Prevalence and trends in transmitted and acquired antiretroviral drug resistance, Washington, DC, 1999–2014

BMC Research Notes, Sep 2017

Background Drug resistance limits options for antiretroviral therapy (ART) and results in poorer health outcomes among HIV-infected persons. We sought to characterize resistance patterns and to identify predictors of resistance in Washington, DC. Methods We analyzed resistance in the DC Cohort, a longitudinal study of HIV-infected persons in care in Washington, DC. We measured cumulative drug resistance (CDR) among participants with any genotype between 1999 and 2014 (n = 3411), transmitted drug resistance (TDR) in ART-naïve persons (n = 1503), and acquired drug resistance (ADR) in persons with genotypes before and after ART initiation (n = 309). Using logistic regression, we assessed associations between patient characteristics and transmitted resistance to any antiretroviral. Results Prevalence of TDR was 20.5%, of ADR 40.5%, and of CDR 45.1% in the respective analysis groups. From 2004 to 2013, TDR prevalence decreased for nucleoside and nucleotide analogue reverse transcriptase inhibitors (15.0 to 5.5%; p = 0.0003) and increased for integrase strand transfer inhibitors (INSTIs) (0.0–1.4%; p = 0.04). In multivariable analysis, TDR was not associated with age, race/ethnicity, HIV risk group, or years from HIV diagnosis. Conclusions In this urban cohort of HIV-infected persons, almost half of participants tested had evidence of CDR; and resistance to INSTIs was increasing. If this trend continues, inclusion of the integrase-encoding region in baseline genotype testing should be strongly considered.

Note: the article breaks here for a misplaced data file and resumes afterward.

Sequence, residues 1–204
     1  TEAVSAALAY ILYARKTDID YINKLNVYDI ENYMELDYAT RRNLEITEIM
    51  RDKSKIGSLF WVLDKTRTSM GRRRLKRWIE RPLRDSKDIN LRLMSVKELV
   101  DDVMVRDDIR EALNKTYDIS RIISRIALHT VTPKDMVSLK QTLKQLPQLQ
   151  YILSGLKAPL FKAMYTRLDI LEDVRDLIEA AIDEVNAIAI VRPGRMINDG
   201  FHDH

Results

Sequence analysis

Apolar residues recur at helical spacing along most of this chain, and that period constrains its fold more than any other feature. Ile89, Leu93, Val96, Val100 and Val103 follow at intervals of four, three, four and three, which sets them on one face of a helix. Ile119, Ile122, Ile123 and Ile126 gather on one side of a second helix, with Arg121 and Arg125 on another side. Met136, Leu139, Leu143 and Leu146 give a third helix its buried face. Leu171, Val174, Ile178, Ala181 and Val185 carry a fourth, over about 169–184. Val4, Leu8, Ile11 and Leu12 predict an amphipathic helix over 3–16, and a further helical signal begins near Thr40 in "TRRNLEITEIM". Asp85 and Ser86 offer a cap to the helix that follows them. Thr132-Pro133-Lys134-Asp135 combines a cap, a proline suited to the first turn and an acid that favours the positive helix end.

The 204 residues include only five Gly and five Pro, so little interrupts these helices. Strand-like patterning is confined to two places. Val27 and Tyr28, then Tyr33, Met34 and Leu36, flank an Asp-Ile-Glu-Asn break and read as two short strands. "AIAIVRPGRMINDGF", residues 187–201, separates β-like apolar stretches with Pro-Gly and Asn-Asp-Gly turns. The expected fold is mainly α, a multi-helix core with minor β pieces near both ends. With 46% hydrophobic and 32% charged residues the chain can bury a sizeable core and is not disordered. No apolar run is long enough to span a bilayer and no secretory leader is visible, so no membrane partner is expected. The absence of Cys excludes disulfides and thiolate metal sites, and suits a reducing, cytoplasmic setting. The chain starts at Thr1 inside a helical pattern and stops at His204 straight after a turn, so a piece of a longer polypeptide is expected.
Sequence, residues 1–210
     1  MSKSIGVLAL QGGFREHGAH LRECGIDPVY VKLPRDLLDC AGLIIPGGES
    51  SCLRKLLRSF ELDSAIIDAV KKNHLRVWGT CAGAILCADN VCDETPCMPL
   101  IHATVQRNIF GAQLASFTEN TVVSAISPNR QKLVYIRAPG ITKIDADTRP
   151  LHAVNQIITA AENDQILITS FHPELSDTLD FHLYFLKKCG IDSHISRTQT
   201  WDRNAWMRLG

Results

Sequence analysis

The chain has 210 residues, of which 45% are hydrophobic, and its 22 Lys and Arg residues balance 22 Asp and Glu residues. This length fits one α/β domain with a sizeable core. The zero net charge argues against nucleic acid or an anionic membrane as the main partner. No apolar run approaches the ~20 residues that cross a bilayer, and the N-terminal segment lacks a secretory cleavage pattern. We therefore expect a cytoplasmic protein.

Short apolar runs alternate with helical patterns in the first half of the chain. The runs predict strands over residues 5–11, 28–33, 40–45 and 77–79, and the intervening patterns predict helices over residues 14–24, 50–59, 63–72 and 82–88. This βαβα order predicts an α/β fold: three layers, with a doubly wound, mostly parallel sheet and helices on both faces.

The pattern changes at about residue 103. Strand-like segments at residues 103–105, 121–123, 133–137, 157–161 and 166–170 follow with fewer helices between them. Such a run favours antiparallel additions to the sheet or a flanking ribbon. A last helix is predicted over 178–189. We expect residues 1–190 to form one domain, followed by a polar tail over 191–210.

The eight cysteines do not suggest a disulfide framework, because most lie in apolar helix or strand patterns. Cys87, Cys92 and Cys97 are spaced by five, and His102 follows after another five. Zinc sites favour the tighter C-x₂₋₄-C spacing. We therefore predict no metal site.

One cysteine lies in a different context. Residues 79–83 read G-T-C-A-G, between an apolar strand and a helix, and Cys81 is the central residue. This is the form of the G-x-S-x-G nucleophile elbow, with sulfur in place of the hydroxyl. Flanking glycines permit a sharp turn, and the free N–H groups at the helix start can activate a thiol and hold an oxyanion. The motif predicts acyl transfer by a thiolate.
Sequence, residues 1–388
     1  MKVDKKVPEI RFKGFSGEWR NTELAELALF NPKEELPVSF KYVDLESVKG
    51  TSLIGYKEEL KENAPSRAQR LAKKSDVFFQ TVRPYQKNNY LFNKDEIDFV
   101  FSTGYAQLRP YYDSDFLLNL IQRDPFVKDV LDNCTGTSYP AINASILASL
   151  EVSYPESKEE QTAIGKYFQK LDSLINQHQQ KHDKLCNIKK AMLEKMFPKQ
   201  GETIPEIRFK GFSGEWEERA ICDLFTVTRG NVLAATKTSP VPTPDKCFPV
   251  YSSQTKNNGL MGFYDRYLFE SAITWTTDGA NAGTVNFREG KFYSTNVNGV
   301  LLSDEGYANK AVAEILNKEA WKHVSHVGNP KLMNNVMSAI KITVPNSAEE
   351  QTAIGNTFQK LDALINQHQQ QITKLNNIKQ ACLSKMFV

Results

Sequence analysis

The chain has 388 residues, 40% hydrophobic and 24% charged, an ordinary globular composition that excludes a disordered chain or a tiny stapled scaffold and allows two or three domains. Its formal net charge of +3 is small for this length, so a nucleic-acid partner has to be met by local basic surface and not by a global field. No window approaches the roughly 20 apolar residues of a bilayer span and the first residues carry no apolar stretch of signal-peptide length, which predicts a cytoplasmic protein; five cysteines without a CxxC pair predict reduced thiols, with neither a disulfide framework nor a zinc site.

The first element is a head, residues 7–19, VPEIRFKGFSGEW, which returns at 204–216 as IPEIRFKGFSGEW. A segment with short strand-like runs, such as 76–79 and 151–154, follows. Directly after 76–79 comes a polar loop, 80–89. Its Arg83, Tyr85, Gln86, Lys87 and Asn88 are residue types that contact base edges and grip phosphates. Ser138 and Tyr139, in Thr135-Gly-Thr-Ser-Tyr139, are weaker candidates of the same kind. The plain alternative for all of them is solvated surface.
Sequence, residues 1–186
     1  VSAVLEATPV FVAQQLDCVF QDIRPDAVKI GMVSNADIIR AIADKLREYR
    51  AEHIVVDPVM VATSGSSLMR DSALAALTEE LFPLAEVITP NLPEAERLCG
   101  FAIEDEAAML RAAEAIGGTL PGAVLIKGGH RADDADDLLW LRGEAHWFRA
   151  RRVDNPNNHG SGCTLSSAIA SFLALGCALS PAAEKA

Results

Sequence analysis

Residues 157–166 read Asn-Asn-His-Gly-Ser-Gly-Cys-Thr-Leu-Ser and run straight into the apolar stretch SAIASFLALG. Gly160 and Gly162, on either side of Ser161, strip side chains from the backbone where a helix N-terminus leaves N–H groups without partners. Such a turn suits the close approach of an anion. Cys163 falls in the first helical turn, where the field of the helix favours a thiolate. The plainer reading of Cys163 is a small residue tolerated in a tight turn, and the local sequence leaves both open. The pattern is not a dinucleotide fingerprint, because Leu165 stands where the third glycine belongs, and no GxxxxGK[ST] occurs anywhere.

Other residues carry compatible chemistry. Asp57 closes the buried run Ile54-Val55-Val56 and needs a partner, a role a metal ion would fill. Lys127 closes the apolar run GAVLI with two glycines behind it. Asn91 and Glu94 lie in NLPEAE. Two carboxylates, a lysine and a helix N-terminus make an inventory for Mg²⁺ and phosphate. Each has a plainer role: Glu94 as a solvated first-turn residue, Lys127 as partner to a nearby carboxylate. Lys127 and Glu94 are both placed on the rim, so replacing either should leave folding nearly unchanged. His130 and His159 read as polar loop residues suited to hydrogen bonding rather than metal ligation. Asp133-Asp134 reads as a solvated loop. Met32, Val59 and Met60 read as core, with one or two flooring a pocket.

A PDF file should load here. If you do not see its contents the file may be temporarily unavailable at the journal website or you do not have a PDF plug-in installed and enabled in your browser.

Alternatively, you can download the file locally and open with any standalone PDF reader:

https://link.springer.com/content/pdf/10.1186%2Fs13104-017-2764-9.pdf

Prevalence and trends in transmitted and acquired antiretroviral drug resistance, Washington, DC, 1999–2014